I told the agents that we would not go to the office, that we would not pay 100 rupees and we WOULD be getting on the car that we paid for. We took off and marched straight for the 3AC car- explained our dilemma and were seated right away. No issues. The man that tried to get us to pay the extra 100 rupees was even on the train and didn’t say anything- we just took what we wanted and no one said anything. It was fucking great!
Anyway we arrived in Bodhgaya finally, just a few hours late. I will post more later, it is beautiful here.
Hey, just catching up on my postings here. I haven’t been able to download my camera until today.
Varanasi was an incredibly holy place, however any spirituality was shattered by people trying to scam you or sell you things. I was disappointed in so many ways, and at the same time there were moments when everything was right in the universe and I felt totally content there.
The highlights were the bookshops, the boat ride on the river Ganga (a pain to set up, but worth it,) and the evening ritual at Assi , which we attended twice.
Varanasi is the place people want to die in India, it is believed that people who die here acheive moksha or liberation from life on Earth. Out of reverence for the families of the dead, we did not spend much time at the cremation ghats, but seeing it from the boat ride, it was not the somber event that death is the western world. Quite beautiful actually.
Next stop, Bodhgaya! See you soon.
Here is a photo of Assi Ghat from the water:
And a view of our boatsman at night:
Over the past couple of weeks I have come to realize there are things that I say to hawkers, autorickshaw drivers and touts when I really want to say something else…
Here is a short list, just for fun: 🙂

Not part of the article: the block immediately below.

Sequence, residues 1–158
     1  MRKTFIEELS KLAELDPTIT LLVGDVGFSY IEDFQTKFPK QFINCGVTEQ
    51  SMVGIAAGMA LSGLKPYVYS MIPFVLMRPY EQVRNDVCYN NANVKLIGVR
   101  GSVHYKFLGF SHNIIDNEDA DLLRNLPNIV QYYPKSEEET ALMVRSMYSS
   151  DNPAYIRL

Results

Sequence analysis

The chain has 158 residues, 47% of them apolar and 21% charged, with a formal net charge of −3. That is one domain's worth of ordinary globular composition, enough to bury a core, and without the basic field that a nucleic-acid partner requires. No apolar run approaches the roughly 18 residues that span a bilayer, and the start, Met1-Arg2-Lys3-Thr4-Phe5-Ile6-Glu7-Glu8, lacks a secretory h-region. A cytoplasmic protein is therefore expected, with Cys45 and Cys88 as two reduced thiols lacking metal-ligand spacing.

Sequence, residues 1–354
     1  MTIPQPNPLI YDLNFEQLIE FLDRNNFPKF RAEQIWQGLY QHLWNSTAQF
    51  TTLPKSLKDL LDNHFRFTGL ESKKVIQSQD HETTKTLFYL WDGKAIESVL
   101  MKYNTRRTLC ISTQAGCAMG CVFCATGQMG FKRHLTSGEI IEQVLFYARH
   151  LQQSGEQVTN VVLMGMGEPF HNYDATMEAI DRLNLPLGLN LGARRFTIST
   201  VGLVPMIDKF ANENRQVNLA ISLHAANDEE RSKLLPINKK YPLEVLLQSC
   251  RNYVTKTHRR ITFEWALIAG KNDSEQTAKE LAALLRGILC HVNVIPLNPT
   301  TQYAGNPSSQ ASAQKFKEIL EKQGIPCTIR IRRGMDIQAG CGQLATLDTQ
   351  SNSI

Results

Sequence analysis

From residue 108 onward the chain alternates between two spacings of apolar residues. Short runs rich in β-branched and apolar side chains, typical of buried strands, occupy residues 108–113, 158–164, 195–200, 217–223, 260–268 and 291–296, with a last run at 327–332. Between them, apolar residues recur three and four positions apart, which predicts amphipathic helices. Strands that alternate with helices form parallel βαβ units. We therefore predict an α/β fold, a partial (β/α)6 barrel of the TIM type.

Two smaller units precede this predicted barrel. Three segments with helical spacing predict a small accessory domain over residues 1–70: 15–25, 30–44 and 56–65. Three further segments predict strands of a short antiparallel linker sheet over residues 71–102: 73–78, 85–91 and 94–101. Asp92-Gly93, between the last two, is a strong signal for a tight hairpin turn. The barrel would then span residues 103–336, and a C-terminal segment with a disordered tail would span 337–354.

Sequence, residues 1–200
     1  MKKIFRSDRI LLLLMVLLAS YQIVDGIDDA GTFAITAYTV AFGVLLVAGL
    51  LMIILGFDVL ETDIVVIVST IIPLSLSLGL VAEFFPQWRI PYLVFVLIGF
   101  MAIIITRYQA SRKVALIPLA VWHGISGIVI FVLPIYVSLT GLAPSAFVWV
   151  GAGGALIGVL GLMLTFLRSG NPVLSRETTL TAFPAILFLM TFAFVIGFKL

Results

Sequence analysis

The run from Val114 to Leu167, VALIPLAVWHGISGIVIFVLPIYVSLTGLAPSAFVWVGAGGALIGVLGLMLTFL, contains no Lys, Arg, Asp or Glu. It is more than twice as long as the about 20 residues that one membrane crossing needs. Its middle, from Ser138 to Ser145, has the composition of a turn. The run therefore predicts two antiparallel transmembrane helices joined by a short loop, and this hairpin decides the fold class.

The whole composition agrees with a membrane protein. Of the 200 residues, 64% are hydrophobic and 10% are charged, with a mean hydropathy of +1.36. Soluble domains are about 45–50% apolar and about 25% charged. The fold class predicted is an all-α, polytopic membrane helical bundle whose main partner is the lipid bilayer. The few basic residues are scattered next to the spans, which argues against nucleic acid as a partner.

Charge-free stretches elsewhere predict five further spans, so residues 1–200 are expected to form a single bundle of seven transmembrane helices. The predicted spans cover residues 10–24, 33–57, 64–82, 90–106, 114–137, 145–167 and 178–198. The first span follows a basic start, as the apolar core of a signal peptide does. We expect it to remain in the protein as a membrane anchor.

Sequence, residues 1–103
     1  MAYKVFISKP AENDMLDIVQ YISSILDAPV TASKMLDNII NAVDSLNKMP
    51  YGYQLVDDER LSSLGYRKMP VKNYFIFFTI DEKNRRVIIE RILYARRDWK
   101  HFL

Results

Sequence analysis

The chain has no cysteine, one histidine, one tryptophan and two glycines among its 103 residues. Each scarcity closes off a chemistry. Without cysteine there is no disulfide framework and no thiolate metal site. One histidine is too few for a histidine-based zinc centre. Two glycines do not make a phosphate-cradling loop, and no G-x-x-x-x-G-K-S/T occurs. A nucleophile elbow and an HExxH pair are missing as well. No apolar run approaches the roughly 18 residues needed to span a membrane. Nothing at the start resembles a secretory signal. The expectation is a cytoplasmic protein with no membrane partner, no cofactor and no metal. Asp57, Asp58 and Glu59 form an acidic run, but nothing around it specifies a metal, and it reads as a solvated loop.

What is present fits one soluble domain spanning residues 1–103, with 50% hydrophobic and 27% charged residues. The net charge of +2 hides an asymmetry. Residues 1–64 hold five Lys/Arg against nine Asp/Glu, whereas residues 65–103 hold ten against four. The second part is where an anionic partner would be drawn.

Random guy: “Hello my friend, come see my shop/ factory/ restaurant/ massage table/ stall/ you name it.”
What I say: “No thank you.”
What I want to say: “I’m not your friend, get away from me.”
Hotel owner that cheated us in Varanasi: “Did you enjoy your stay in my hotel?”
What I say: “Yes, it was great.”
What I want to say: “Hell no, I’m getting on every travel site as soon as I can and making sure that people are armed with the knowledge that you are cheats and liars.” (BTW don’t stay at Hotel Haifa in Varanasi…)
Auto/ cycle rickshaw driver: “Hello friend (I have so many friends all of a sudden) come, I’ll take you to **insert ancient monument here**.
What I say: “No thank you.”
What I want to say: “If I wanted an autorickshaw, I would find you, now get fucked.”
There are so many more, but you get the flavor.
Just when you let your guard down for a second and think- hey I don’t have to worry about people hawking things or trying to get me to use their rickshaw…well think again.
Although the rickshaw wallahs in Varanasi will actually listen to you if you say you don’t want a rickshaw, no one else will. Who knew there were so many things that I could buy if I wanted to. Jewelery, silk saris, rides on a boat, and the list goes on and on.